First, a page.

Tag Archive | "dictatorship"

Uruguay: Thousands March Against Impunity

Silent march UruguayLike every 20th May for the last 19 years, thousands of people took part in the ‘Silent March’ in remembrance of the victims of the military dictatorship yesterday. This year’s slogan was: “Where are they? Why the silence?”.

Protesters walked down Avenida 18 de Julio in Montevideo last night, and were joined by president José Mujica and his wife, senator Lucía Topolansky. The march is conducted in total silence, which is only broken to read the names of the victims.

Óscar Urtasun, from the organisation Mothers and Families of the Disappeared of Uruguay, expressed his satisfaction over the response of the people that attended the march. “Our great concern is that all this will be forgotten and we need to fill up that space devoid of memory. And it’s still happening. People are moved and they participate.”

Despite the attendance of high government officials, including Mujica, Urtasun highlighted, referring to the march’s slogan, that “for us, the silences of the state are important, as it is not giving us answers and it’s not finding out the truth.” Though he admitted that under the Frente Amplio governments, since 2005, there has been some progress on the matter, he feels that what has been done is not enough.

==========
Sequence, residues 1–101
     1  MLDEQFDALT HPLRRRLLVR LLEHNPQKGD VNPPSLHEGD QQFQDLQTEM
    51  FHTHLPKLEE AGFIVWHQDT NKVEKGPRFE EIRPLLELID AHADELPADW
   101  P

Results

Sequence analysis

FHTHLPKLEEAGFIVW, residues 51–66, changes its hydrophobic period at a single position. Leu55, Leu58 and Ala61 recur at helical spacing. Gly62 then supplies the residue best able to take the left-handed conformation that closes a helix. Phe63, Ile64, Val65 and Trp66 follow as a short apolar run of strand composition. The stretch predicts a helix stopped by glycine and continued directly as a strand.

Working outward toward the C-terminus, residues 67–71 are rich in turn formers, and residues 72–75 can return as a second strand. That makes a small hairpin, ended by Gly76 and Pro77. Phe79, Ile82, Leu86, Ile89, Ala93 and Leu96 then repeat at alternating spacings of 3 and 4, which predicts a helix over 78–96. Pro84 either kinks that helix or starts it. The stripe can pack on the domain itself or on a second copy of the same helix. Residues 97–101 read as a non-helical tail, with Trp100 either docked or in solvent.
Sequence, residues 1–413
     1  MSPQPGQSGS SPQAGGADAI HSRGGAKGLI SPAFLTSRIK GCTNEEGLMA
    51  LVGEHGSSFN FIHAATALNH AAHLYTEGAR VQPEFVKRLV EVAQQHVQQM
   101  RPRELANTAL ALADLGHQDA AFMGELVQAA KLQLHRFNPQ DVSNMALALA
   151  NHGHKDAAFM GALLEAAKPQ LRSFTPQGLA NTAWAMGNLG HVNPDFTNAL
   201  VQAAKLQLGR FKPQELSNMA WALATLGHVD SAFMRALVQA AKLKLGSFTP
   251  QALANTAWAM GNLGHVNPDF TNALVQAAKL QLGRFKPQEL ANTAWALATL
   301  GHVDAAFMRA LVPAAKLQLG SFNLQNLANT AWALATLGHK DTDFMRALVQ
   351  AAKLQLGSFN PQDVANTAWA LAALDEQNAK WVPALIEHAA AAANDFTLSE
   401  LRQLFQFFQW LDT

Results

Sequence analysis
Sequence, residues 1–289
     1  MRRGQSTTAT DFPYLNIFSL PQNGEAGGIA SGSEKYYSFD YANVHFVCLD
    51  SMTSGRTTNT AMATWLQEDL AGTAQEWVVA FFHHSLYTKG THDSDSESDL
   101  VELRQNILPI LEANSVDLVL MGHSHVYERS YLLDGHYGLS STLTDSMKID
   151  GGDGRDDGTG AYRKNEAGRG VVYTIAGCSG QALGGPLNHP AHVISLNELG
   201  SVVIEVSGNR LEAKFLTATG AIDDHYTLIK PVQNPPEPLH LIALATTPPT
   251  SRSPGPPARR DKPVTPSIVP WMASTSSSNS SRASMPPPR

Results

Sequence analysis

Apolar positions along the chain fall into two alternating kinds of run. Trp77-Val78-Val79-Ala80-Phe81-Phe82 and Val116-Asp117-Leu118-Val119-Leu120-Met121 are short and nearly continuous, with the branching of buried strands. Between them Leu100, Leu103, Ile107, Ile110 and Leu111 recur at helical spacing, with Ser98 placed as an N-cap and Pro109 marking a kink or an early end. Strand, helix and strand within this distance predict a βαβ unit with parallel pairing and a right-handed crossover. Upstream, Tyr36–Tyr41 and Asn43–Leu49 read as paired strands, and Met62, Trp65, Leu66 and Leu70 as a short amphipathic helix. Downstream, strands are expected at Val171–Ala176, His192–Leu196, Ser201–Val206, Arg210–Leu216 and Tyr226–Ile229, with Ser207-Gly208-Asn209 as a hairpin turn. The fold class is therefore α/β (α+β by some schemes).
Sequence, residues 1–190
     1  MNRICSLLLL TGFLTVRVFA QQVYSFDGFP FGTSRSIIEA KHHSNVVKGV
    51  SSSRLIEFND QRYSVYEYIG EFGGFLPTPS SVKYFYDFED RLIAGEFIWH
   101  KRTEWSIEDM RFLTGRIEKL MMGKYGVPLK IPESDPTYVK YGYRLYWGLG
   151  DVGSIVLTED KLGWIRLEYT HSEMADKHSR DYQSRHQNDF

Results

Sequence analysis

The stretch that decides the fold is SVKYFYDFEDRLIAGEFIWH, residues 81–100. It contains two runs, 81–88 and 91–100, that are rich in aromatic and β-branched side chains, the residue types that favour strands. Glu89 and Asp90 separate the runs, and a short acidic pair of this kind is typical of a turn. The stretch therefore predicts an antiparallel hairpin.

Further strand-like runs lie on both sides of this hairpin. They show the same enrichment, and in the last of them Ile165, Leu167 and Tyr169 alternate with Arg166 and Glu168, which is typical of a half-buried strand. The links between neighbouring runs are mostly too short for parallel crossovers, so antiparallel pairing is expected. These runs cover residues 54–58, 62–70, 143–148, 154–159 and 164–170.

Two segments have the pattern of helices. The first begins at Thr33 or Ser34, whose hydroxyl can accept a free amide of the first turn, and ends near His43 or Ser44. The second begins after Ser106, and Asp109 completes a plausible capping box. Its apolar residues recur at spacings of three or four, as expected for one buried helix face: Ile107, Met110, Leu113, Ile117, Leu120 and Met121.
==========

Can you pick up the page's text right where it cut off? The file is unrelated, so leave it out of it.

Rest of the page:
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Operation ‘Para Ti’: Spinning the Dictatorship

This is an exclusive English translation of an article that originally appeared in Periódico Mu No.74.

Her son disappeared when he was 17 years old. And she was reborn as a mother, activist, and founder of the organisation ‘Familiares’. She was kidnapped and tortured at ESMA and forced to pose for a fake article published by women’s magazine ‘Para Ti’ as part of the dictatorship’s media campaign, designed by a multinational that today works for Monsanto.

Thelma Jara de Cabezas today, at 90, with a picture of her disappeared son (photo: Lina M. Etchesuri, courtesy of Mu)

Thelma Jara de Cabezas today, at 90, with a picture of her disappeared son (photo: Lina M. Etchesuri, courtesy of Mu)

The most degrading moment for Argentine journalism has a date: September 1979. That was when the dictatorship spread to the media, using the services of multinational agency Burson Marsteller. It paid US$1m for the agency to design a campaign to neutralise the first visit of an international commission prepared to investigate reports of human rights violations.